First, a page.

A Review Of Study Resources For The Big USMLE Step 1

A day rarely passes by without coming across yet another resource that is widely renowned for helping medical students do well on the USMLE Step 1.

As soon as I get a chance, I jump onto one of those forums (SDN, usmleforum, etc.) to find out what people think. More often than not, I am left more indecisive than before, confused about who I should trust and whether it will be worth my time adopting a brand new resource to improve my chances for a good score on Step 1.

However, looking forward to taking the exam in nearly six months from now, I have compiled a list of resources and would like to share what I think about them in as objective a manner as possible. So strap yourselves in for the ride! 

First Aid

I’m not going to beat the dead horse with this one. First Aid is a must for you to do well on the exam. It is a comprehensive resource that compiles all content from the first two years of medical school in one book. On the downside, it consists of lists and outlines rather than explanations. While there are mnemonics to help you remember the details, sometimes you may need mnemonics to remember the endless list of mnemonics.

Kaplan

In my opinion, Kaplan is a great resource for students who would like to clarify or polish their basic understanding of certain topics. The books contain detailed descriptions of all the main subject areas. On the other hand, the question banks contain nitpicky, yet still helpful questions and especially explanations that you can jot down in your notes for later reference.

BRS Physiology

Along with the Kaplan books, Board Review Series books are a great, concise resource to internalize all the high yield physiology points and review them when crunched for time. There are also BRS books for subjects other than physiology, but their useful is more debatable.

USMLE Rx

This is yet another source for practice questions. In its essence it is made directly from First Aid and meant to be used as an alternate method to remember all the content from First Aid. Most students tend to use these questions as they go along in their medical school courses.

Pathoma

Dr. Sattar is the modern-day god of pathology. He has basically compressed all the organ system pathology topics into a concise, easy to understand set of videos and a book. Just as you need to know First Aid cold, you need to have Pathoma down cold as well.

Golijan Rapid Review and Audio Lectures

Dr. Golijan is the ancient-day god of pathology with substantial relevance in today’s day and age as well. He has a 700-some page book of the most high yield pathology topics along with a multitude of interconnections with other subjects, including physiology, pharmacology, biochemistry, microbiology, and immunology, to name a few. In addition, there are audio recordings of his lectures amounting to 40 hours of pathology where he emphasizes the highest yield concepts from his book (not bad when you’re trying to burn off some calories in the gym).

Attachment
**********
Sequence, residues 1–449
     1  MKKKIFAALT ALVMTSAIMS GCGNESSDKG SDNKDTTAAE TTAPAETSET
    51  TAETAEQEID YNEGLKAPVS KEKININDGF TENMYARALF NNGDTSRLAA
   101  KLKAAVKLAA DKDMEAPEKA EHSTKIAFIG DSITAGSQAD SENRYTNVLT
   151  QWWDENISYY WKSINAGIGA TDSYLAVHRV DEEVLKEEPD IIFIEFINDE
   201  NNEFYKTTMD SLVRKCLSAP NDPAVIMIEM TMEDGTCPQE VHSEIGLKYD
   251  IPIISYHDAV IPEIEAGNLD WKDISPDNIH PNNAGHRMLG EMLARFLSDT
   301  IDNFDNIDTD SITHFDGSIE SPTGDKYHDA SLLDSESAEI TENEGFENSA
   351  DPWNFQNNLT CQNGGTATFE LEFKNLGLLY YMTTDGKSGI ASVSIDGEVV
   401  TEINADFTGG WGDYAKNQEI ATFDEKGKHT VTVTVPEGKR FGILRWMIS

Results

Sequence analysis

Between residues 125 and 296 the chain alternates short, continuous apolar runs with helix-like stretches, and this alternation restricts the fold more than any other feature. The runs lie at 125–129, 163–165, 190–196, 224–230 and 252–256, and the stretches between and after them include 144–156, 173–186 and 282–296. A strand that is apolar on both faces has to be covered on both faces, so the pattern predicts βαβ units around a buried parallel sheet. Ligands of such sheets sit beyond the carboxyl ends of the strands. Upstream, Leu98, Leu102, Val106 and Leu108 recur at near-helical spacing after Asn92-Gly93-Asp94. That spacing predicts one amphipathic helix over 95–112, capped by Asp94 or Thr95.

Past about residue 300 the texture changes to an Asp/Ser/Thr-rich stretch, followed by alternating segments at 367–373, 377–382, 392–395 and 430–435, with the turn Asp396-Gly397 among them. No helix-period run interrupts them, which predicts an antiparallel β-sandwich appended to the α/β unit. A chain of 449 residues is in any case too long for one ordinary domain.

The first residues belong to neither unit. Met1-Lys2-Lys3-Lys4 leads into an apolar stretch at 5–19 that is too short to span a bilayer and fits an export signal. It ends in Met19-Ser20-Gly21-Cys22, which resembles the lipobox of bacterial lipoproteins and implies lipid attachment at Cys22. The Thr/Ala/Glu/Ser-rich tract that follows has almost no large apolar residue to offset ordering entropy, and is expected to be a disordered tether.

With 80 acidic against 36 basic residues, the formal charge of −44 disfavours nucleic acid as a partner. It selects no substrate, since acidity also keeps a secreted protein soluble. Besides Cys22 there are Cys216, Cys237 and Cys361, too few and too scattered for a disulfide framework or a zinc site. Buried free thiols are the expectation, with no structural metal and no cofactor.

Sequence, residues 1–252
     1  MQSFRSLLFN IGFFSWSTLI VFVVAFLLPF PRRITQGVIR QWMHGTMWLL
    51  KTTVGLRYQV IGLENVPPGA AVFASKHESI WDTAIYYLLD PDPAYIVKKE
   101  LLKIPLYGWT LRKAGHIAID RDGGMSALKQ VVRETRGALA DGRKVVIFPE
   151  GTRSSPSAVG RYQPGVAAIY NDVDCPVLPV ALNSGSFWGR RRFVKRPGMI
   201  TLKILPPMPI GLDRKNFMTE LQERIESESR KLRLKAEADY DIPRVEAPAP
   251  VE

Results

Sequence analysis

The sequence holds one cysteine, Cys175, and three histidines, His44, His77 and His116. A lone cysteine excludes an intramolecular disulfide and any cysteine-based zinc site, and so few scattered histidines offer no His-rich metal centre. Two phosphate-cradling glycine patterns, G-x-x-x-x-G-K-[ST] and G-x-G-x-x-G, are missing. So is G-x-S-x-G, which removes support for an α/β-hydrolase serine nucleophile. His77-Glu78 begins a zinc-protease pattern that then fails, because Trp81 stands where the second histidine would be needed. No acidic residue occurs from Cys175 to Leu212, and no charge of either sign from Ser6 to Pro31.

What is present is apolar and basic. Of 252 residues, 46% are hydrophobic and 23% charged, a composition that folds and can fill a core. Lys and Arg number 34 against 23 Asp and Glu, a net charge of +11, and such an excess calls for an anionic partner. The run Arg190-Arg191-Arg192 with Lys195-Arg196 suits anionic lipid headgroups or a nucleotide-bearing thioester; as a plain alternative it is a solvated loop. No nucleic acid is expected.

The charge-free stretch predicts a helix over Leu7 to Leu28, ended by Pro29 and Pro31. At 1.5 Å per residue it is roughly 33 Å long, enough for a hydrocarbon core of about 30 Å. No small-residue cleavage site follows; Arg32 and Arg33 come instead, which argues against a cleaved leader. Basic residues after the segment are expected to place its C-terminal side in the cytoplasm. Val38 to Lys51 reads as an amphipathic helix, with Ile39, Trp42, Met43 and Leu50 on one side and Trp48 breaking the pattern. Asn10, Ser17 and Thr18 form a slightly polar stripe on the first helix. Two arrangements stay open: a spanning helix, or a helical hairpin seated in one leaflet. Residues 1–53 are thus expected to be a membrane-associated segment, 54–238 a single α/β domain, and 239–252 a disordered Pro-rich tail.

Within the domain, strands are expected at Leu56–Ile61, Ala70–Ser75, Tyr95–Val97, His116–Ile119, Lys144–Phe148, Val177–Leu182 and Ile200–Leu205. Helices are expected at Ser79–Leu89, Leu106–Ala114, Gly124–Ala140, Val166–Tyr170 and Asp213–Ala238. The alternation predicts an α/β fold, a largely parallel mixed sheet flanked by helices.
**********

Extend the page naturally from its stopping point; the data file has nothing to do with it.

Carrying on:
Sketchy

If you are a visual learner like myself, Sketchy will save your soul when it comes to microbiology and pharmacology (and now pathology as well). It consists of video sketches that cover individual topics through the use of easy to remember mnemonics. When it comes time to remember all the details about the numerous pathogens, pharm drugs, and pathology correlates, you will thank Sketchy for saving you from cramming your brains out.

Uworld

This is the greatest question set that you will ever find in your preparation for Step 1. Based on talking to people who have taken the exam, you can’t do these questions enough. If you have time, do them more than once. The explanations are golden and will prepare you for the exam as well as make you shine for third and fourth year rotations on the wards.

In addition to the resources mentioned, there are a bunch of other books and question banks that have been shown to be helpful for students. At the end of the day, you need to find a balance and make sure to not get resource-overloaded. First Aid, Pathoma, and Uworld should form the bedrock of your prep materials, with everything else peppered on top depending on need, time, and utility based on your individual study approach.

Must Read: Picmonic: the Secret to USMLE Success?

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Yash Pandya

Yash Pandya is a science writer at The "Almost" Doctor's Channel. He is a rising third-year student at the University of Pittsburgh, majoring in Emergency Medicine with minors in Neuroscience and Chemistry. Yash plans on attending the University of Pittsburgh School of Medicine in Fall 2016 with guaranteed admission. In addition to the usual humdrum of academic involvement, Yash loves to play Ping Pong, catch up on the latest "Big Bang Theory," and travel. Having lived in India for half his lifetime, Yash aspires to expand his horizons into international healthcare by practicing medicine globally.

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